WARNING: There are certain big spoilers that cannot be avoided when discussing this episode, so I suggest if you haven’t seen the episode to come back later.
It’s been a long uphill battle for this new True Detective, fighting through two slogging episodes to finally arrive at some sort of identity for the characters, the story, and the forward thrust. We have arrived both at the heart of the murder investigation, and the full realization of these people. I only wonder if the big moment at the end of the second episode, which is covered and explained and eschewed off to the side rather quickly here, was a bit of TV trickery to get people paying attention.
That’s right, Ray Velcoro is not dead, as anyone who has seen the preview clips of the season may have been able to discern. The gunshot to the gut was rubber riot shot, simply incapacitating him and not ending him. However, the shot was enough to knock him smooth out for several hours, pushing him into a bizarre, Lynchian discussion with his father (Fred Ward) – who is very much alive – and a young Conway Twitty dressed as Elvis, singing on stage at the bar Velcoro and Semyon occupy regularly. The sequence is cool, perhaps, but strange simply for the sake of being strange. Luckily, the episode doesn’t dwell on this aspect of the story, or spend too much time in some sort of purgatory dreamscape everyone has seen before. Instead, we dive headlong into the murder investigation, and Frank Semyon’s desperation begins to light up the screen.
I’m still not convinced that the murder of Caspar is really why we’re all here watching this story unfold. The details of the investigation never feel as important as the characters doing the investigation. Then, there is the slimiest mayor of all time, Chessani (Ritchie Coster), and his oversexed homestead, where Bezzerides and Woodrough head to try and pick up some clues. If any clues do pop up from witnessing the debauchery of Chessani’s home, it’s that he and Caspar most certainly occupied the same depraved sexual worlds.
Meanwhile, poor Ray Velcoro has finally seen the light after his near-death experience, and is dead set on changing a few of his bad habits. As the doctor tells him, it’s okay to have some bad habits, just don’t have them all. He wants off the case, he wants to lay low and perhaps get his life in order, but as the episode unfolds it’s clear that the damage has been done. Meanwhile, Katherine Davis (Michael Hyatt), the lead investigator in charge of Bezzerides, is pushing her basically into the lap of Velcoro to try and get on his good side and figure out just how deep his corruption runs. This may be the dust lighting some strange sexual moments between her and Velcoro in the near future.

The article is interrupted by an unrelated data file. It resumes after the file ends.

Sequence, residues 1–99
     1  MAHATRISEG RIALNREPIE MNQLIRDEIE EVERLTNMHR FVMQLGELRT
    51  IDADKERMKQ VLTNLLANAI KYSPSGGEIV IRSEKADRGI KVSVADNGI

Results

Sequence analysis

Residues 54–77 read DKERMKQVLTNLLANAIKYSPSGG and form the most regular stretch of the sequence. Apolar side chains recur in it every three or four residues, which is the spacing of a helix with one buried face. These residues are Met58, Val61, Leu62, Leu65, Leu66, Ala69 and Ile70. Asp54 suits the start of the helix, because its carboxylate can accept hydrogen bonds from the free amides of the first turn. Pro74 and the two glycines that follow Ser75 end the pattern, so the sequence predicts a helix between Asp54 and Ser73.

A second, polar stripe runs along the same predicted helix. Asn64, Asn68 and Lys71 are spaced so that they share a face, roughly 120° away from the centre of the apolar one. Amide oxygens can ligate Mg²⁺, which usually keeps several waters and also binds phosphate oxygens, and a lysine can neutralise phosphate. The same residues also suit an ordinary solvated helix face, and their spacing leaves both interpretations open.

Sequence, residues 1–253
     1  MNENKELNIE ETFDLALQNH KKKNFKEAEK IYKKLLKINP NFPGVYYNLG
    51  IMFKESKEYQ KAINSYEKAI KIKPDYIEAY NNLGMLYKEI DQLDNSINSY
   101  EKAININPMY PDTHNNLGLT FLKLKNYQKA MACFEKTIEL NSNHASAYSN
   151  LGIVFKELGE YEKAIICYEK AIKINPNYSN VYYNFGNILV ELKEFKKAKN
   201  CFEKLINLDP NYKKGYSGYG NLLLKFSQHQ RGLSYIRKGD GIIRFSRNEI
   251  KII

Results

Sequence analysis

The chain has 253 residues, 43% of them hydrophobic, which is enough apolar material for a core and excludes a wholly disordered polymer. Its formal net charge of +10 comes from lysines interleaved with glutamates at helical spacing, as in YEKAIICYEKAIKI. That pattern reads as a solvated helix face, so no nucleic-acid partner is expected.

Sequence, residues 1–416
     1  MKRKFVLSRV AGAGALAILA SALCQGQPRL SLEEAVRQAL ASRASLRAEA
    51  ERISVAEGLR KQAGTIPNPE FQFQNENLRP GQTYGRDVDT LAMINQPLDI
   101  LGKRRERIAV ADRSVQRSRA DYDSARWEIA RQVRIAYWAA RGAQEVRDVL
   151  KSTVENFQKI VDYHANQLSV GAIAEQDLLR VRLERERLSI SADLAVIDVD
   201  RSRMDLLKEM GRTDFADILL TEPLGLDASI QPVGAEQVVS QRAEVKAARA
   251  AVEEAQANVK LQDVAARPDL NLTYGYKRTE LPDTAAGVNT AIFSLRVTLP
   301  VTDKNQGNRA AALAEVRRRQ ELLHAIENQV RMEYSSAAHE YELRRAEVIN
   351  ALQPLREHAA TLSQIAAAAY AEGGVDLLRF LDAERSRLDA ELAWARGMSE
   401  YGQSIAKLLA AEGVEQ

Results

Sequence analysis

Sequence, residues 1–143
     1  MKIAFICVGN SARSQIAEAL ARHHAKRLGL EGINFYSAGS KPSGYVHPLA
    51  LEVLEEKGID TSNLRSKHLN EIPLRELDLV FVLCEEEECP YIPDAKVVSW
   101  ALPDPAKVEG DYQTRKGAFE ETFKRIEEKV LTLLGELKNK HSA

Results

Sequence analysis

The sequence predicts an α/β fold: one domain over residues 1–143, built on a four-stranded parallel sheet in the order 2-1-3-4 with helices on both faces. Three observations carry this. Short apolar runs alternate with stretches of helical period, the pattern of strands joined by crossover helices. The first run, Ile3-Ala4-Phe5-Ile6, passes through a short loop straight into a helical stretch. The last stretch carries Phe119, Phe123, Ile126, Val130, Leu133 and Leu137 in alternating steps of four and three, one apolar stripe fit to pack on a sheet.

Kitsch’s Paul Woodrough also blooms a bit here, and his secret sexual past rears its head in several uncomfortable scenes. But the real star of this third True Detective episode is Vaughn’s Frank Semyon. Frank is about to crack, shaking down old extortion businesses to try and recoup some of the money he lost, trying to produce a child with his wife, Jordan, and putting the word out on the street that he isn’t nearly as straight and narrow as he wants to be, not yet anyway. His confrontation near the end of the episode with the street-level gangsters he is clearly trying to separate himself from shows off the nasty side of Semyon, and finally allows Vaughn to show his teeth in the role, a role that was rather boring and lifeless through the first two episodes.
Everything is beginning to come together now. Pizzolatto’s screenwriting doesn’t feel like lip service to a forced macabre world anymore, but a real examination into this new world. No matter how flaccid the big surprise with Velcoro may have turned out to be, at the same time I am relieved we weren’t privy to an extended dream episode that The Sopranos pulled off once, and everyone has tried to replicate since.